By Morten Brodde 

People really matter. Without the reinforcement of their rights - solving the climate crisis will be more difficult. Wednesday’s keynote session “Transforming Forest Solutions Together with Indigenous Peoples, Communities, Smallholders, and Workers” celebrated people. The stewards who play a crucial role in the responsible use of our forests and the people who are part of the value chain for forest-based materials. We heard three stories from representatives from Indigenous Peoples, workers, and smallholders who shared challenges, achievements, and the value that FSC can bring to them. 

The potential of FSC labour requirements 

The first story was from Dong Tolentino, representative from BWI (Building and Wood Workers' International Asia & Pacific). In his daily work he promotes ILO labour standards and workers’ rights and welfare.  

Dong was in the technical working group developing the core labour requirements that was introduced for FSC Chain of Custody certified companies in 2021.  

"The auditable requirements enable auditors to look into details in terms of how the certificate holders comply with the requirements, for example with regards to ensure no child labour. Auditors can ask for copies of profiles of the employees and can talk directly with the workers”. 

Respecting Indigenous Peoples in the “Russian Amazon” 

The next story of the importance of people was from Rodion Sulyandziga, Chairperson of the FSC Permanent Indigenous Peoples Committee and representative of the Udege tribe. Rodion Sulyandziga has many years of experience working on the promotion and protection of Indigenous Peoples’ rights. Being an Udege he has first-hand knowledge of challenges faced by Indigenous Peoples in his region. 

“The biggest threat is commercial and illegal logging, which jeopardize all our traditions and wildlife. And our wellbeing.” 

His people have been living in the Russian Far East in the Bikin River Valley basin also referred to as the “Russian Amazon” for many, many years. They are hunters who also go fishing and trapping, and their forests rich in species have great cultural value for them. Rodion shared the key principles for protection of his people’s rights and the forests they live in. 

“Respect of Indigenous Peoples’ rights, recognition of land rights and our traditional knowledge, are basics for any kind of decision making. It’s FPIC. Free, Prior and Informed Consent. And of course, the most challenging part building trust and partnerships between states, environmentalists, and Indigenous Peoples organizations. 

In that way, FSC also plays an important role for the Udege people.  

Giving a voice to smallholders in Thailand 

The last story came from Maiprae Loyen, Managing Director in AGRIAC, Thailand. Maiprae has more than a decade of experience in the natural rubber business, and her country is the world’s biggest exporter of natural rubber. 1.7 million households are working in Thailand’s rubber plantations - 80 % of them are smallholders meaning an average of 2.5 hectares per plantation, per household. 10 years ago, the number was 10 hectares.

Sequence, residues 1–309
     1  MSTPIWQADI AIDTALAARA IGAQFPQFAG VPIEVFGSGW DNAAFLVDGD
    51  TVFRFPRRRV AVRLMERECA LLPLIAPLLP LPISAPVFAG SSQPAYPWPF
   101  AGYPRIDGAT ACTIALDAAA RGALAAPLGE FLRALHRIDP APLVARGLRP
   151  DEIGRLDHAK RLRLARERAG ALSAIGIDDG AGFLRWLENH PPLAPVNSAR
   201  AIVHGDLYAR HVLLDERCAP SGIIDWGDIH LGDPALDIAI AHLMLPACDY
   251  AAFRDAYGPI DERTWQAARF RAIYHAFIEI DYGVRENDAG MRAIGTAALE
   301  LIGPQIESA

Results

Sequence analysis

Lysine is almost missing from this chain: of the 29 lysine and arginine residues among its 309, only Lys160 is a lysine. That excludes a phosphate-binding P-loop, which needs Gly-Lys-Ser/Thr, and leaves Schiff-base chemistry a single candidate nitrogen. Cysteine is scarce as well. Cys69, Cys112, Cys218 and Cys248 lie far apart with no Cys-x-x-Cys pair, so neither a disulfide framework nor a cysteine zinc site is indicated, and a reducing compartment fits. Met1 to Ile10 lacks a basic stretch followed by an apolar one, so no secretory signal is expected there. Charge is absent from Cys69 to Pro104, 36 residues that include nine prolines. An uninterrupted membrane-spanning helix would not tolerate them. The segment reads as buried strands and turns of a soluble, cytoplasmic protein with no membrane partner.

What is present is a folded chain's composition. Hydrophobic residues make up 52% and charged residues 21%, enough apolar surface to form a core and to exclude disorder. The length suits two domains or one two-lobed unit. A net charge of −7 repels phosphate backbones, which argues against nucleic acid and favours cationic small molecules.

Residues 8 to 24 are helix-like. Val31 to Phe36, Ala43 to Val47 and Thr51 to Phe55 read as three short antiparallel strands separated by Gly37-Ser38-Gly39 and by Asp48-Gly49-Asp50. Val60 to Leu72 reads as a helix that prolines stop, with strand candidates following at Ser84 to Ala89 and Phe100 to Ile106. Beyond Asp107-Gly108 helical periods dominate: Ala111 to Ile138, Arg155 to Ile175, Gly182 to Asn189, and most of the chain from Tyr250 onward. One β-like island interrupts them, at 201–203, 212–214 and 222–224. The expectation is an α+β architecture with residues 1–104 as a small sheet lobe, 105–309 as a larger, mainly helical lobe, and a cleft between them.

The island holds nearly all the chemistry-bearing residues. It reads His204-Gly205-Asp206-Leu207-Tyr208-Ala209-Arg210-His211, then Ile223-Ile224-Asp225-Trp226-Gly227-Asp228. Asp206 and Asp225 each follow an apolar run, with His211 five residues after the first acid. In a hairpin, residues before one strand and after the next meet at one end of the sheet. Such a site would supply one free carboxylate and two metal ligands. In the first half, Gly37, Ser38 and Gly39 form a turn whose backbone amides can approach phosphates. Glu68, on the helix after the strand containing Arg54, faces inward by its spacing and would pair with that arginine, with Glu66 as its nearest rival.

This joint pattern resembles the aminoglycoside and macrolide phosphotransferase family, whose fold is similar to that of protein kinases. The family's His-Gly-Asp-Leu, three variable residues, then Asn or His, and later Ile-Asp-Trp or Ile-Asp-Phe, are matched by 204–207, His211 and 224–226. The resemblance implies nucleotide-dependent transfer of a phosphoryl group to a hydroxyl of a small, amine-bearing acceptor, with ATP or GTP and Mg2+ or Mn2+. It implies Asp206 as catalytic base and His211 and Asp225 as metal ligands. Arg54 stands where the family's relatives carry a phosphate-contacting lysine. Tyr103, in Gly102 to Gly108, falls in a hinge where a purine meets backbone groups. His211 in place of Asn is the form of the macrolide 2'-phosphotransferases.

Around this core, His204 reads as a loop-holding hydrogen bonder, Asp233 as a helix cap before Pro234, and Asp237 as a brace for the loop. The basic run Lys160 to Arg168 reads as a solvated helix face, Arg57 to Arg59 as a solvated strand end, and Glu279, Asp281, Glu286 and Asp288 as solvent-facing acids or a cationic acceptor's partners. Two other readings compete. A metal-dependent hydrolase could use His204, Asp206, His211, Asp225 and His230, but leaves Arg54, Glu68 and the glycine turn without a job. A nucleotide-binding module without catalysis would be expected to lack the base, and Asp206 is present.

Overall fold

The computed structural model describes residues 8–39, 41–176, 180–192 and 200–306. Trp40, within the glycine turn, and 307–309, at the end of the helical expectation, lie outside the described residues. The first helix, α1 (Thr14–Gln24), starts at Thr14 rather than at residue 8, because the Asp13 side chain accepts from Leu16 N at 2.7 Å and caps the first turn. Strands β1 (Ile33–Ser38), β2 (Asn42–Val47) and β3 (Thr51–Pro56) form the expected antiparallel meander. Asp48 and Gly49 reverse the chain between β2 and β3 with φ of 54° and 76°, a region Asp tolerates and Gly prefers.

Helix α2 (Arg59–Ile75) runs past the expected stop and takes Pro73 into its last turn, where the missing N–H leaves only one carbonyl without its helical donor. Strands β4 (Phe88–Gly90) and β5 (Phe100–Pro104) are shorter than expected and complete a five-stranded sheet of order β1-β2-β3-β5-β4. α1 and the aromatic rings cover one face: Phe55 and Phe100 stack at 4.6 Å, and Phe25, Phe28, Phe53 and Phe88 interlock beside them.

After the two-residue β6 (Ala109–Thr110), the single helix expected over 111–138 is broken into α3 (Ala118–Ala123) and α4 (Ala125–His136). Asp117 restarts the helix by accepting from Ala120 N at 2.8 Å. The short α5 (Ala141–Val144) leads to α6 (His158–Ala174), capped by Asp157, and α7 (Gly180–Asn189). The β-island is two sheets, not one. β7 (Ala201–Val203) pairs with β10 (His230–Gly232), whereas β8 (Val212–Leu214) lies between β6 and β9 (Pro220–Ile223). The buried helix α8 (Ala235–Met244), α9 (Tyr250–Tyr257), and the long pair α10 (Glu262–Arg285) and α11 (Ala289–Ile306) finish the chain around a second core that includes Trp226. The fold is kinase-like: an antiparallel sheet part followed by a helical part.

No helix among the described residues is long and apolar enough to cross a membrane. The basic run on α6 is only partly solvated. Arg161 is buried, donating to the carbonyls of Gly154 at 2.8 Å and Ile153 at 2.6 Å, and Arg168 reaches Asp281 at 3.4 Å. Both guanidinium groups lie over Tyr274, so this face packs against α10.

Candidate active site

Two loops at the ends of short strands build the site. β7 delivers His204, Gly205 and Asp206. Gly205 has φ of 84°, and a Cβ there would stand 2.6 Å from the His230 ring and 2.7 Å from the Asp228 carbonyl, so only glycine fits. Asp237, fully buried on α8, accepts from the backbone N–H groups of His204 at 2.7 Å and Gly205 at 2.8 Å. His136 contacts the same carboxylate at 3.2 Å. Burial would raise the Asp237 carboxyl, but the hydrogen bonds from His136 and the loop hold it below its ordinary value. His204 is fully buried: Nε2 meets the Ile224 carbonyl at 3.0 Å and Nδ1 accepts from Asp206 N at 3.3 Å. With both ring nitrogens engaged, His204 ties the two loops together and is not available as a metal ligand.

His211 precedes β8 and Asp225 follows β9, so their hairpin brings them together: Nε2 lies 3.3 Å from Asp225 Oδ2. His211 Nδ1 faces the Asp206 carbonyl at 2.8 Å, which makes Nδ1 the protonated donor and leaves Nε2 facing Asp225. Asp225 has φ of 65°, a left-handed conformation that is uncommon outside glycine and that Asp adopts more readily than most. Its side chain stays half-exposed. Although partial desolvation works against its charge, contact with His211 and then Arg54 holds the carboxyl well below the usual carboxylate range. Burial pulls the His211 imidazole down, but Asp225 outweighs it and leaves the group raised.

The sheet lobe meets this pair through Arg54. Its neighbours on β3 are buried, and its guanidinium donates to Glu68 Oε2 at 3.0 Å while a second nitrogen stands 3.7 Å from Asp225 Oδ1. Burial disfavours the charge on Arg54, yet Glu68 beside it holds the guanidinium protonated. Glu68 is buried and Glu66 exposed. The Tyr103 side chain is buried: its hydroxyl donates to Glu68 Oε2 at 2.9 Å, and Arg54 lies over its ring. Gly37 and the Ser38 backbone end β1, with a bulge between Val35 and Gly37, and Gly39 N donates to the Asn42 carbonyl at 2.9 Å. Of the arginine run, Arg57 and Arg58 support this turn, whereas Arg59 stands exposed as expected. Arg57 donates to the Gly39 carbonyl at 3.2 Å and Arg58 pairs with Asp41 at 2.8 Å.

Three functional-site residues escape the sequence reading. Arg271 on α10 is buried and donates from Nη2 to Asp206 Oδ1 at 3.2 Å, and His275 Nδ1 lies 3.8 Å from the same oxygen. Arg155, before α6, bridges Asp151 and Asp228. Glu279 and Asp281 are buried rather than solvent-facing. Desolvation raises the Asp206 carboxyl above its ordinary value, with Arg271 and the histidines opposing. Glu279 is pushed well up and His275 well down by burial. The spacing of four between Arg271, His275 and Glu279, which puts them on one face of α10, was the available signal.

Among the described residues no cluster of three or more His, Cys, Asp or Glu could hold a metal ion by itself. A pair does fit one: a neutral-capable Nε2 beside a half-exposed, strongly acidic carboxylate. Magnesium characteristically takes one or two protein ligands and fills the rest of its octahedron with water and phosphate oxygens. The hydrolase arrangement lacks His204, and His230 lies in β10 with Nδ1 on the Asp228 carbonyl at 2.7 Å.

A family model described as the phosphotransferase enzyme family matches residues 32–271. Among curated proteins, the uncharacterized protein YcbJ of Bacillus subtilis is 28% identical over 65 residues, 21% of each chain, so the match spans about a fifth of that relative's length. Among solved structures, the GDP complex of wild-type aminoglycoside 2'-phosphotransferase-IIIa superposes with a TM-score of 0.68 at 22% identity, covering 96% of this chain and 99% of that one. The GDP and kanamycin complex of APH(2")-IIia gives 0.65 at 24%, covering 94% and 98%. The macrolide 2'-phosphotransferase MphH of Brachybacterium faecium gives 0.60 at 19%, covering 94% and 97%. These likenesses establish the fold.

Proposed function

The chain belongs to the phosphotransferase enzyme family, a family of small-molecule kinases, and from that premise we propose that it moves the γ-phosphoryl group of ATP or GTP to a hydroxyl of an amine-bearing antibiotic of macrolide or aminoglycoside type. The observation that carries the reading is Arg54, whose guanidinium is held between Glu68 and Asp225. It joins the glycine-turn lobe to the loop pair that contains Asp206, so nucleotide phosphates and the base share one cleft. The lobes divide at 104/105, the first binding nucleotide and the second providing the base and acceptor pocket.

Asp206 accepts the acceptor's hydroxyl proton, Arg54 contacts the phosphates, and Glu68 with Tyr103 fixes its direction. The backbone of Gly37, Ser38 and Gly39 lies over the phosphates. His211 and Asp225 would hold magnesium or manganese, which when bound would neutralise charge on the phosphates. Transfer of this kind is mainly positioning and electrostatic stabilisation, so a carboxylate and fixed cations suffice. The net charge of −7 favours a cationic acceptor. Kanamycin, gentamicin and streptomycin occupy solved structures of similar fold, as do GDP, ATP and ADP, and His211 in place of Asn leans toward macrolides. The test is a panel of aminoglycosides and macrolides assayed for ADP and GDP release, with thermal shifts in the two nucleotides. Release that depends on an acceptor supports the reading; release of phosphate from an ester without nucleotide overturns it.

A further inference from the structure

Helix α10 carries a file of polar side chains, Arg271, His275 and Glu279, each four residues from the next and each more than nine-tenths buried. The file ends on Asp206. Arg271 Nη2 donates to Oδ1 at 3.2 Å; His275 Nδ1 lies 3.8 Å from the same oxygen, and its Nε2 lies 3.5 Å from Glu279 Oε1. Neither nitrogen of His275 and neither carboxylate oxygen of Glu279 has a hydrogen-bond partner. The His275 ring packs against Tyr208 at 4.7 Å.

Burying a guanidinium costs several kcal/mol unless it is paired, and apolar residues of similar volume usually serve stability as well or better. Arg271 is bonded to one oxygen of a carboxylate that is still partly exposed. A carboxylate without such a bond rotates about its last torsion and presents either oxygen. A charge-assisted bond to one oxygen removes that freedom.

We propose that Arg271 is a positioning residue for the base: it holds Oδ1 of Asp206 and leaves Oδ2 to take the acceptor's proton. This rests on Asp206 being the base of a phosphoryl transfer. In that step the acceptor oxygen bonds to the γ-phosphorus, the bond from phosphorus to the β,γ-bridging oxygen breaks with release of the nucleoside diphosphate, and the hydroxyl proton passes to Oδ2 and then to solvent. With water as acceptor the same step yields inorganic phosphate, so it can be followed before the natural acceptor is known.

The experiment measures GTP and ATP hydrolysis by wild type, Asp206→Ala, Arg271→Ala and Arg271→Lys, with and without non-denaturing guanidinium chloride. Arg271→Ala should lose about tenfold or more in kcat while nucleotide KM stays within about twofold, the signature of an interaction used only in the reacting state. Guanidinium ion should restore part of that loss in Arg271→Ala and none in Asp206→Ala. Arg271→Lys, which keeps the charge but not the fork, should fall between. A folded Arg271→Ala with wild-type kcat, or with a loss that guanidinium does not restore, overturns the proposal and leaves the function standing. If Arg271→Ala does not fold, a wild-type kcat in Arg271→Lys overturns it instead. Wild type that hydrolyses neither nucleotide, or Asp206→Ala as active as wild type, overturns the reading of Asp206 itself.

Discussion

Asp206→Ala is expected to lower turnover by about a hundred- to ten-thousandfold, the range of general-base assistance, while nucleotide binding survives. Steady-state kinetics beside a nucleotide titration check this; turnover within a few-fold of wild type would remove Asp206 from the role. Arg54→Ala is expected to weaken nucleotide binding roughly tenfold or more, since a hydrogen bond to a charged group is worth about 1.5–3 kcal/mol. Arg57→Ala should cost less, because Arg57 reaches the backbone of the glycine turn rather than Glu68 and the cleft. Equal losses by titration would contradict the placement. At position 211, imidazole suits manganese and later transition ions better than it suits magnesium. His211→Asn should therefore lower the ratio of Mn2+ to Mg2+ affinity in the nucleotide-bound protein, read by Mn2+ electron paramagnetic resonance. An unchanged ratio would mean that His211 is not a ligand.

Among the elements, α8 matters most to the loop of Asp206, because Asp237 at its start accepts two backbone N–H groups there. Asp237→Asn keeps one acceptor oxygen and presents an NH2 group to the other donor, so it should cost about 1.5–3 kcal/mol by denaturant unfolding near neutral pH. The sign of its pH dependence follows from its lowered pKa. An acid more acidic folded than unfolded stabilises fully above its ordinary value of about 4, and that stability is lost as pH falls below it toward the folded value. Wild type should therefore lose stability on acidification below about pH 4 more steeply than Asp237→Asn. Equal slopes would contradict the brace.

“The costs of their production are increasing year by year together with an aging society. Rubber is a very important commodity of the world, and the market is highly competitive. The market board is the only place the industry is focusing on. But the people that makes those numbers, they are real people. And they are the backbone of this business.” 

Maiprae Loyen quit her job a few years ago and founded AGRIAC with a business partner with a clear mission: Giving small rubber plantation farmers in the south of Thailand a voice in the market and help them improve their working and living conditions, output, and earnings, and protect their environment. 

AGRIAC recruits and train farmers, matches demand with suppliers and provides a tracing tool for customers to ensure the sustainability and transparency from forest to factories. 

Today, the company collaborate with more than 2,000 smallholders. The company has an FSC Forest Management group certification with 500 forest units and ambitions to grow. For AGRIAC FSC is a tool that helps promote responsible forest stewardship and decent working conditions for smallholders.  

“FSC has moved that spotlight to shine on them, because FSC is focusing on plantations and smallholders. And the scheme is forcing the supply chain to look back on what these people are doing and has created new opportunities for a company like ours”, explained Maiprae Loyen. 

Want to know more? 

Read more about how FSC work to make a difference for people all around the world here: